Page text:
Like us on Facebook


Follow us on Twitter





Page 2 of 3 FirstFirst 123 LastLast
Results 16 to 30 of 35
  1. #16
    Join Date
    Nov 2009
    Location
    Queens, NY
    Posts
    53,795
    vCash
    1500
    Quote Originally Posted by acerimusdux View Post
    If arm, speed, and hitting were enough, then Jordanny Valdespin would have been a good SS prospect.
    His arm isn't that good, and his power is above his fielding.

    Ian Desmond is a good example of having the raw SS tools and becoming a good fielder over time.

  2. #17
    Join Date
    Aug 2008
    Posts
    30,870
    vCash
    1500
    Quote Originally Posted by Toon88 View Post
    But doubt it. Look at this video and the hitch in his swing.

    https://www.youtube.com/watch?v=_Kfvhw5lY4s
    You can tell nothing of the sort from that video.
    "Mr. Martin Tanner, Baritone, of Dayton, Ohio made his Town Hall debut last night. He came well prepared, but unfortunately his presentation was not up to contemporary professional standards. His voice lacks the range of tonal color necessary to make it consistently interesting. Full time consideration of another endeavor might be in order."

  3. #18
    Join Date
    Jul 2008
    Posts
    28,907
    vCash
    1500
    Quote Originally Posted by Toon88 View Post
    They certainly didn't stick to that philosphy in last year draft. Taking a light hitting SS and 6 more SS just like him the same draft.
    Okay. Letís change gears for a moment. My team has an All-Star shortstop. They also have a couple decent shortstop prospects in the minors. And then they went out and drafted yet another shortstop in the first round of the most recent draft! What are they thinking?!? Do they have a clue?

    Dear Disgruntled in Draftville; Yes, they do have a clue and they are thinking that they want to acquire the best collection of talent possible.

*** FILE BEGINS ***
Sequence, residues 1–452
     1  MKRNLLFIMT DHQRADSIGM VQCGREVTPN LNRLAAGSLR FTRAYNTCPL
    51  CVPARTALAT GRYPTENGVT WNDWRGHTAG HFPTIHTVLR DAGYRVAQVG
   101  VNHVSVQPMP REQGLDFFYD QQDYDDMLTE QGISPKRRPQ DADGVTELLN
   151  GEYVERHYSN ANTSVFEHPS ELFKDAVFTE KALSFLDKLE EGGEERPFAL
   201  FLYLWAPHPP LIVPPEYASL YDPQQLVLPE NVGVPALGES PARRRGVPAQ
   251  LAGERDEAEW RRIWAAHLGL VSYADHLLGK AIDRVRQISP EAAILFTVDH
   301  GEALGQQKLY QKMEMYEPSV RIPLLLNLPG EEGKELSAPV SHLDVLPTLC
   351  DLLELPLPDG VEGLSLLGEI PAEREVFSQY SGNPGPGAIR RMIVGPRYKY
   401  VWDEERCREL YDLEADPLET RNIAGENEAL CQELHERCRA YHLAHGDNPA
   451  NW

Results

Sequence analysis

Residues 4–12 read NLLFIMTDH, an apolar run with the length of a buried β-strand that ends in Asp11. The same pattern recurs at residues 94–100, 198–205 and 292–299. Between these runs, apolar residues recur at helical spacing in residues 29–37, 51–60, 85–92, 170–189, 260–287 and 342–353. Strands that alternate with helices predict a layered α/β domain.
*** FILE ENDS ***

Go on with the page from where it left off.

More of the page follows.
Then why so many shortstops?

    I just told you! They want to acquire the best collection of talent possible! Just because a player is a shortstop in the minors does not mean he will play there in the Majors. And just because a player is drafted as a shortstop does not mean he will play there even in the minors, let alone if he ever makes it to the big leagues. Many, many, many major league players that are not shortstops were one day shortstops either in the minors, in college or in high school.

    Think of it this way, when you have a high schooler with legitimate hopes of entertaining a professional career, heís going to be the best athlete on his team. And where do the best athletes play? Shortstop. It does not mean he will remain at shortstop at a more competitive level. For when he gets to the next level (either the minors or college) heíll be competing against several other guys who were also high school shortstops. And they canít all continue to play shortstop. The ones who do remain at shortstop in the minors may not even continue to stay there while they advance through the system.

    Itís possible for a team to draft 5 shortstops among their first 10 selections, only truly anticipating that perhaps 2 of them will continue to play the position a couple seasons later. The others will move to other positions.

    Most major league second basemen were minor league shortstops. Shortstops can grow out of their position and move to third base. A great majority of young shortstops are weeded out and moved to the outfield where fielding and arm strength are not as highly valued. Only the best remain.

    Anyway, in general, shortstops are good athletes with quality tools. Why not try to accumulate as many good athletes with quality tools at positions all over the field?
    .